Teach computer science to grade schoolers? You bet, say FedEx IT professionals
Three years ago, I participated in a Junior Achievement teaching event at Combee Elementary, a local school near Lakeland, Fla. I worked with kindergarteners that morning and had a blast; the children were like sponges. As I was leaving, I asked a guidance counselor if there were more ways to help the school, and she said yes. Soon after, a way I could directly help fell in my lap.
Mark Bracken, an IT manager with employees at the FedEx Lakeland office, asked us to develop programs in schools and the community to promote science, technology, engineering and math (STEM) activities, and to encourage students to pursue technology careers. I volunteered for this group.
Then, a fellow employee told me he was teaching his children to program. I knew the ages of his kids, 4 and 9, and asked about the program he was using. He guided me to code.org. I visited the site and it quickly became clear that this was the solution, a way I could help.
Lesson modules and plans were all there – and FREE! I found fellow employees to volunteer as instructors and we chose Combee Elementary to launch a code learning program using code.org materials, as we knew that the school had no current technology classes.
Implementing Code.org Project Solutions
Using code.org lessons and planning tools, we started the 20-week pilot program on Sept. 3, 2014 with fifteen students.
On the first day, they asked if we were going to teach them about applications. We said, “No, we are going to teach you to write them!” That seemed to spark an interest.
We held the class once a week throughout the semester, with FedEx instructors rotating each class. I was always present as either instructor or assistant. While we experienced challenges along the way – such as room layout, equipment and lack of commitment by some students – the class worked on these issues and they eventually worked out; we solved them together like a FedEx Development Team.
In terms of our teaching approach, we worked on each code problem together, with one student always being the driver. Our students began to use words such as functions, parameters, loops, if/else, among others, as easily as any IT professional.
At the end of each class, an instructor would take five minutes to tell students how they got into IT, what college they went to and what they do for FedEx. We always gave them a snack and prizes to keep them coming back.
Two of our instructors went to Combee Elementary. That fact has had an impact on the children. We stressed to them they can do it, too – study hard and become successful. We are very pleased that one student has decided to be a computer programmer. We hope more will join him.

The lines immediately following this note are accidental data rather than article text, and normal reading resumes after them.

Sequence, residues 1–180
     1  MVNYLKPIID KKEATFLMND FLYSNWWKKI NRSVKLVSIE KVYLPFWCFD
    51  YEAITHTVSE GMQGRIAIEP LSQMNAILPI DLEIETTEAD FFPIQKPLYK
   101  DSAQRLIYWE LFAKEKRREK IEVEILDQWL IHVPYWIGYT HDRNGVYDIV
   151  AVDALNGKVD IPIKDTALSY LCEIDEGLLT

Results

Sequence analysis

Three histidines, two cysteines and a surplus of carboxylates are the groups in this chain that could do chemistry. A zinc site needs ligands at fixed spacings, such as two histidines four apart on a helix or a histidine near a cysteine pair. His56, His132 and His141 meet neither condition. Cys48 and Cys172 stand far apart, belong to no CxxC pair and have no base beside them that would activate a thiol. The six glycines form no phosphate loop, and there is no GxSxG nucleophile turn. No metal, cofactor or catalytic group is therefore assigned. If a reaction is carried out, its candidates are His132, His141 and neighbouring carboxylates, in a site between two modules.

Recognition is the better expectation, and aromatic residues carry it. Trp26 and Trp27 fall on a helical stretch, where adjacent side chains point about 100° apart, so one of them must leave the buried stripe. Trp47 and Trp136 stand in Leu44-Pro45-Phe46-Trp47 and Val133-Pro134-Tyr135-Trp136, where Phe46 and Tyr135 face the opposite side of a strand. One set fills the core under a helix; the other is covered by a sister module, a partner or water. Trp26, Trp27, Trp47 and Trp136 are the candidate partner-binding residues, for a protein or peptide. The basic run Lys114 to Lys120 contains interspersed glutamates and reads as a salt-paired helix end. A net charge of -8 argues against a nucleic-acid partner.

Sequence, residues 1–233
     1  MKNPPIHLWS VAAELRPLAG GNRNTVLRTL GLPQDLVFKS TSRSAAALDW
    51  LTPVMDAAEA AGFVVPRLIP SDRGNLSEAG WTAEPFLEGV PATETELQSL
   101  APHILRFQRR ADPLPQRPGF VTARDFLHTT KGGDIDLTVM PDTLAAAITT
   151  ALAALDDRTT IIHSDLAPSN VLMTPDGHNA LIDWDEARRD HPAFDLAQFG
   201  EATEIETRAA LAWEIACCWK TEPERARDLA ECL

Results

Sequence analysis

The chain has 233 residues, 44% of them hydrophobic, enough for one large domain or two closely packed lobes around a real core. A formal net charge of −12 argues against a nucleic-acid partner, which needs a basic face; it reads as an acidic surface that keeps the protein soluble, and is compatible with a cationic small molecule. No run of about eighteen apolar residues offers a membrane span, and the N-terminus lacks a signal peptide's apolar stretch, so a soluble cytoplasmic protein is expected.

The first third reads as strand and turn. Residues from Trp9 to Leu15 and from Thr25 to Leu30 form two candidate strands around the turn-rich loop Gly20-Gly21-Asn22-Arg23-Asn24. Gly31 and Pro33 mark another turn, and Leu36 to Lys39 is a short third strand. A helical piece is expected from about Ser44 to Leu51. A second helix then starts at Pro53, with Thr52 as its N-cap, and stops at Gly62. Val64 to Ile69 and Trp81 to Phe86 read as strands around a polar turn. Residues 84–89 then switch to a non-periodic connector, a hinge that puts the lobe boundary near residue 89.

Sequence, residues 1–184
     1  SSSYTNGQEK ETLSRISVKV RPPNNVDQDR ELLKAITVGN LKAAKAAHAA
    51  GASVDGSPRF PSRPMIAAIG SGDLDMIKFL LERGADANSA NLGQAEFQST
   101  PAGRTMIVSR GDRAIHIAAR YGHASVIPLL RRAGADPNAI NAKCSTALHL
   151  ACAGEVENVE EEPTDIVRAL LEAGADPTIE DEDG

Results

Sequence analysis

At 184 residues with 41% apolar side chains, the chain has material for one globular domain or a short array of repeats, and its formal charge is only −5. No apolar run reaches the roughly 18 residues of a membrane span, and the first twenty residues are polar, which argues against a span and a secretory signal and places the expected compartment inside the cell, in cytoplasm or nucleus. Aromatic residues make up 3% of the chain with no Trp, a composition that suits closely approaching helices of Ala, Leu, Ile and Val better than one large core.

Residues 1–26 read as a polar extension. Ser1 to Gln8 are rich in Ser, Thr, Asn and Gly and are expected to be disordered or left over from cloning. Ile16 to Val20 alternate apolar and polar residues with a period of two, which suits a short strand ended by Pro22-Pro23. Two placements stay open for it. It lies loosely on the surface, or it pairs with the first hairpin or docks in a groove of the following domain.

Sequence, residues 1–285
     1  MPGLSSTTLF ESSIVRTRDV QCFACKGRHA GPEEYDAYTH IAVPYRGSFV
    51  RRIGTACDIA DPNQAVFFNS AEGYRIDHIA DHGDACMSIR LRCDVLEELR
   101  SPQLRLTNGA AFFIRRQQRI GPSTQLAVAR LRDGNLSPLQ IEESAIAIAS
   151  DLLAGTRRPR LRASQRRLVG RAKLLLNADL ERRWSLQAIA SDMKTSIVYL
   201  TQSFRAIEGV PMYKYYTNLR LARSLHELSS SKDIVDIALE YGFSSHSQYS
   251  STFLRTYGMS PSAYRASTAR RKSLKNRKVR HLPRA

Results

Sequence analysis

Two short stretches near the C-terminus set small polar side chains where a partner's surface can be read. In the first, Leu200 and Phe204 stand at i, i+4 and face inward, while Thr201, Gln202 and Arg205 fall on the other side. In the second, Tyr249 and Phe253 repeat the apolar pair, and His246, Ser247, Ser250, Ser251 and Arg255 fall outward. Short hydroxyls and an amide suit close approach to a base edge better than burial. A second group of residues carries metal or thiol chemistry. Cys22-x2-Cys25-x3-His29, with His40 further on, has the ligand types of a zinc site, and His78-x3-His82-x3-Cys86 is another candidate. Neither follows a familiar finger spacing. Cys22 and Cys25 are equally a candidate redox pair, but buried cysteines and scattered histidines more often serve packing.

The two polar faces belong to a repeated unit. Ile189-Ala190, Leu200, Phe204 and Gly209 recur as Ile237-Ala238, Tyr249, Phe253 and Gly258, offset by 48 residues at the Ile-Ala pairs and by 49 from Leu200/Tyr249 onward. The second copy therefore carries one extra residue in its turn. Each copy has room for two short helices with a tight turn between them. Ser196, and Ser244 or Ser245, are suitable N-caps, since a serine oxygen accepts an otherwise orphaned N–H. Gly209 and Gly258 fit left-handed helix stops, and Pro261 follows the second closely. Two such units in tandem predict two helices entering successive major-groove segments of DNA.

Pilot Class Graduates – And Expansion Plans
We started with fifteen students and nine completed the program on Jan. 21. In conjunction with school leaders and the Polk County School District, we hosted a graduation ceremony and party on Jan. 28.
We’re pleased that two graduates are moving forward as student technical advisors for the second code.org class, which begins Feb. 4. The school has selected fifteen students to join the class with five alternatives in case some change their minds.
We’re also piloting a similar program at another area school, Mulberry Middle School, again using code.org lessons and planning tools. Five FedEx IT employees have volunteered to teach this class of fifteen students. Our first class was held Jan. 22. All fifteen students arrived on time. There was a feeling of excitement among the students – they were really looking forward to the class.
Once we got introductions over with, we started with the first topic, which lays the foundation for terminology and computer science concepts. They are a very aware group of students, concerned with fuel consumption and working to make the world a better place. We are looking forward to sharing the next 20 weeks with these students on their journey of understanding of the basics of Computer Science.
Are we making a difference?
With nine students graduating and a supportive school district, we believe our pilot program has been a success. Our students were exposed to technologies they might not have ever known about. Realistically, we know not all of them will become IT professionals, but maybe one or two in each class will, like our future computer programmer. Maybe one day he will be working on a FedEx IT team. How cool would that be!?
I am so proud of our students, my fellow FedEx employee-teachers, FedEx and the school for allowing us to try to make a difference in the lives of these children, and in a larger sense, the communities in which we live and work.